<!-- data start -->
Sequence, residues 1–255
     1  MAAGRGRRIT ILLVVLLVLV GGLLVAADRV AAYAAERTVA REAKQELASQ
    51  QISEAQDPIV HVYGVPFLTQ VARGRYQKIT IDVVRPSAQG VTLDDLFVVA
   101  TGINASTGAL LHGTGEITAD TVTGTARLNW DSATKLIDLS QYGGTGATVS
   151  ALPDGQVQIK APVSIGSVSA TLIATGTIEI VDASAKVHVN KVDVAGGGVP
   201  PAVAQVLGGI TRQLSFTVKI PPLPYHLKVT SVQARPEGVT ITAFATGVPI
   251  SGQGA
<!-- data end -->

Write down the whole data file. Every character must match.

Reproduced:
Sequence, residues 1–255
     1  MAAGRGRRIT ILLVVLLVLV GGLLVAADRV AAYAAERTVA REAKQELASQ
    51  QISEAQDPIV HVYGVPFLTQ VARGRYQKIT IDVVRPSAQG VTLDDLFVVA
   101  TGINASTGAL LHGTGEITAD TVTGTARLNW DSATKLIDLS QYGGTGATVS
   151  ALPDGQVQIK APVSIGSVSA TLIATGTIEI VDASAKVHVN KVDVAGGGVP
   201  PAVAQVLGGI TRQLSFTVKI PPLPYHLKVT SVQARPEGVT ITAFATGVPI
   251  SGQGA